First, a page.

This being said, EFA is usually performed in the early stages of research, providing a technique for consolidating variables and for generating hypotheses about the underlying constructs. While in this exploratory stage we may want to determine a structure among many variables, factor analysis can also be used in a confirmatory fashion (CFA). In that case, we are either testing a hypothesis, or wanting to find the statistical proof that one specific theoretical construct is responsible for the correlation of several theoretically relevant variables. CFA should therefore be used when constructs are measured with multiple items, when the items have a linear relationship to the scale average or total, and when an a priori idea of which items measure which constructs is present (Levine 2005). The latter procedure therefore aims mainly at construct validation and requires a more thorough and sophisticated approach than does EFA, which is a relatively simple task due to sophisticated and user-friendly data analysis software.
Statistics Behind Factor Analysis
Technically, factor analysis uses the correlation coefficients between all measured items as a description of the similarity of items. For example, the researcher starts out with a very large number of items reflecting a first guess about the items that may eventually prove useful – different reasons for watching television, for instance. The researcher is now interested in the dimensions that lie “behind” these individual reasons. The statistical procedure tries to maximize correlations within one factor and minimize correlations between the factors. Hence, the factor is the underlying theoretical construct that is able to explain the correlation between the items. The “correlation” between one item and the factor is called “factor loading” and represents the importance of this variable for the factor. The sum of squared factor loadings of one variable is called “communality.” It indicates to what degree the variance of this variable can be explained by all factors. An item with a low communality is therefore deficiently represented in the model.
Mathematically, the technique produces several linear combinations of measured variables, each linear combination a factor. As an example, a high correlation between the items “fun,” “well-being,” “tension,” and “liking” could be subsumed under the factor “entertainment.” While a factor reduces complexity and is able to illustrate phenomena on a higher abstraction level, the interpretation and naming of the factors is derived from the particular combination of the measured variables that correlate highly with it. Thus, the final choice among alternative interpretations and – mathematically identical – solutions depends on the researcher’s assessment of its interpretability and scientific utility.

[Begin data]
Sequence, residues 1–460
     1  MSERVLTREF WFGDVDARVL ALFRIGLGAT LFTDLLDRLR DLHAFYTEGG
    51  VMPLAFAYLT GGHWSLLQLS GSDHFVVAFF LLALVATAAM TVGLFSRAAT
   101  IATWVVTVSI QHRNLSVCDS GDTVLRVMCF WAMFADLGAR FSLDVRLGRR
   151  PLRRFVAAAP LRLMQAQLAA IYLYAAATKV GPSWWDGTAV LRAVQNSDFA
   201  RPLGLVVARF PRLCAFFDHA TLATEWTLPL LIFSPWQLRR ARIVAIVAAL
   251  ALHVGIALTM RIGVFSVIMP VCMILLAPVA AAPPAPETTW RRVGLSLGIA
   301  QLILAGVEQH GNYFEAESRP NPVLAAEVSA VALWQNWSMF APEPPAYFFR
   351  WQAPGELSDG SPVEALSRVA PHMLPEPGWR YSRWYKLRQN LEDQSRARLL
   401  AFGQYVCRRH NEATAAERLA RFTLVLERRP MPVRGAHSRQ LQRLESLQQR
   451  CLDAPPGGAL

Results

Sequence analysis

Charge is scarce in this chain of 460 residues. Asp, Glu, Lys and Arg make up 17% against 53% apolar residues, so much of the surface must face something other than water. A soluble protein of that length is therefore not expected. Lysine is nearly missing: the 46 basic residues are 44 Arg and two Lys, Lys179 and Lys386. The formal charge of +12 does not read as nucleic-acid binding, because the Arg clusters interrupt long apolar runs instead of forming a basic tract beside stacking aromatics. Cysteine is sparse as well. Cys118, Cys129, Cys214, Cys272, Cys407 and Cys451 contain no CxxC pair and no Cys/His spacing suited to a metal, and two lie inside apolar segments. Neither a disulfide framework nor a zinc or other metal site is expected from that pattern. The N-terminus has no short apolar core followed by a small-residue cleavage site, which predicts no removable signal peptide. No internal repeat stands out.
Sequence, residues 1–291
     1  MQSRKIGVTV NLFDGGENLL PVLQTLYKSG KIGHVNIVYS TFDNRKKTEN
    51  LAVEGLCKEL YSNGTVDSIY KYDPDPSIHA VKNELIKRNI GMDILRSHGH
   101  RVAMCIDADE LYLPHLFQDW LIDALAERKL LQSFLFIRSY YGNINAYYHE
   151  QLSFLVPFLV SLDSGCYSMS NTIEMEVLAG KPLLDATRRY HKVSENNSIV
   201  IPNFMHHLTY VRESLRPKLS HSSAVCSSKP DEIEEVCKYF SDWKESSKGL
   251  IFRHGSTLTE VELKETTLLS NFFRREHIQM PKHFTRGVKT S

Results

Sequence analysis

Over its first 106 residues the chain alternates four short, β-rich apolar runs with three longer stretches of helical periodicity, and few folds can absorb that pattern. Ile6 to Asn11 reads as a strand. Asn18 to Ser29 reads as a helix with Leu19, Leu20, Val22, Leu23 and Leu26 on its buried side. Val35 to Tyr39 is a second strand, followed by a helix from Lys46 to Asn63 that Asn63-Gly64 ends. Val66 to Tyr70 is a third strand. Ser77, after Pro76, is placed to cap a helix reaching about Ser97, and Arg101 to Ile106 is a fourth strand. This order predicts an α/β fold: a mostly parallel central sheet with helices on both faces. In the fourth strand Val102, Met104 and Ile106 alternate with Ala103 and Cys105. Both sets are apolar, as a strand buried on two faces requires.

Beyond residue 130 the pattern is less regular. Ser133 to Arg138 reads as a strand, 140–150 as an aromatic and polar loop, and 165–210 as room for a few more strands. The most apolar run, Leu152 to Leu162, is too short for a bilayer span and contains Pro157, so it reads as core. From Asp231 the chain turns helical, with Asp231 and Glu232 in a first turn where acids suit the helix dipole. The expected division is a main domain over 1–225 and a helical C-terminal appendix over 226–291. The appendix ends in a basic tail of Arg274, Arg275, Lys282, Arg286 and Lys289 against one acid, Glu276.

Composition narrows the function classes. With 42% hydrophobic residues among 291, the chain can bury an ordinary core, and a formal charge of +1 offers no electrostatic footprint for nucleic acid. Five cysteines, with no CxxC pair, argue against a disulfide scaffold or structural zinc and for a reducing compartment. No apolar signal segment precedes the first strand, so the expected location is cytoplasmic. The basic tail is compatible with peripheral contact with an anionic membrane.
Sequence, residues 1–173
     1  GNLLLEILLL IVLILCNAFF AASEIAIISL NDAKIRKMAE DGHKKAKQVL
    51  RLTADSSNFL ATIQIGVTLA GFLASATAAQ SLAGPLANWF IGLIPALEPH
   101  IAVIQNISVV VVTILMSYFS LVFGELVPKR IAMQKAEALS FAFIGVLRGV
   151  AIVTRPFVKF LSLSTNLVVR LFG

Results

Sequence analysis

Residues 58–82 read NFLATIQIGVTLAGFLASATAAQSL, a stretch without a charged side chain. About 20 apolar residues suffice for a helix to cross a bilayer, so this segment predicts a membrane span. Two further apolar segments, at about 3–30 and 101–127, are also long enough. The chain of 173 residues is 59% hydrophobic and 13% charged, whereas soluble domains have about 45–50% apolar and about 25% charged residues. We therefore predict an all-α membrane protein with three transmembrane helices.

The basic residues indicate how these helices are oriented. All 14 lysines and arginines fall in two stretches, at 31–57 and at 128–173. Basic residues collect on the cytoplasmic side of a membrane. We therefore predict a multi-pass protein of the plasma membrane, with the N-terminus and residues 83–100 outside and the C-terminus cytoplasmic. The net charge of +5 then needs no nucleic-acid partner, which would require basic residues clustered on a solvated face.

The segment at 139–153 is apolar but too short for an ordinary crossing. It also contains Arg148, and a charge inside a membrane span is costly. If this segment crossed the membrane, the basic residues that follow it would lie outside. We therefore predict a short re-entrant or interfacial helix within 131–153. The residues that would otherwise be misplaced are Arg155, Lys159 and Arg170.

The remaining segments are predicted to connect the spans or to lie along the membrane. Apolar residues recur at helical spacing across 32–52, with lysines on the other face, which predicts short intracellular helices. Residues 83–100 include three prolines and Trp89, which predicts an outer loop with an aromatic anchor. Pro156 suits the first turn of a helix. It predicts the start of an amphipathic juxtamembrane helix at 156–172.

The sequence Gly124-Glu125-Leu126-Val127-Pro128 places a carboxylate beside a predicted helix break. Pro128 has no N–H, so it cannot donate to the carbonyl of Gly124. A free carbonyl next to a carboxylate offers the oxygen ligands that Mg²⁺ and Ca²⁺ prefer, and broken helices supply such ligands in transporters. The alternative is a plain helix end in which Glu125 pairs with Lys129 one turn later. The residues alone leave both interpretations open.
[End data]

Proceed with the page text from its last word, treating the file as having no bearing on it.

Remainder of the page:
The validity of the factors is tested in research where predictions are made regarding differences in the behavior of persons who score high or low on a factor. The researcher tries to prove that scores on the factors (latent variables) co-vary with the scores on other variables. Nevertheless, in PCA and EFA there is no external criterion against which to test the solution – as there is with group membership in discriminant analysis or logistic regression, for instance (Tabachnik & Fidell 2007).
Factors – and factor scores of every subject – can be used for further analyses. The advantage is that we do not have to deal with long lists of variables anymore. The problem, however, is that part of the variance explained by all items is lost by using factors as variables. Nevertheless, when scores on factors are estimated for each subject, they are in the majority of cases more reliable than scores on individual observed variables.
- Fabrigar, L. R., Wegener, D. T., MacCallum, R. C., & Strahan, E. J. (1999). Evaluating the use of exploratory factor analysis in psychological research. Psychological Methods, 4, 272 –299.
- Levine, T. R. (2005). Confirmatory factor analysis and scale validation in communication research. Communication Research Reports, 22(4), 335 –338.
- Park, H. S., Dailey, R., & Lemus, D. (2002). The use of exploratory factor analysis and principal components analysis in communication research. Human Communication Research, 28(4), 562 –577.
- Rubin, R. B., Palmgreen, P., & Sypher, H. E. (eds.) (2004). Communication research measures: A sourcebook. New York: Guilford/Lea.
- Tabachnik, B. G., & Fidell, L. S. (2007). Using multivariate statistics. Boston, MA: Pearson.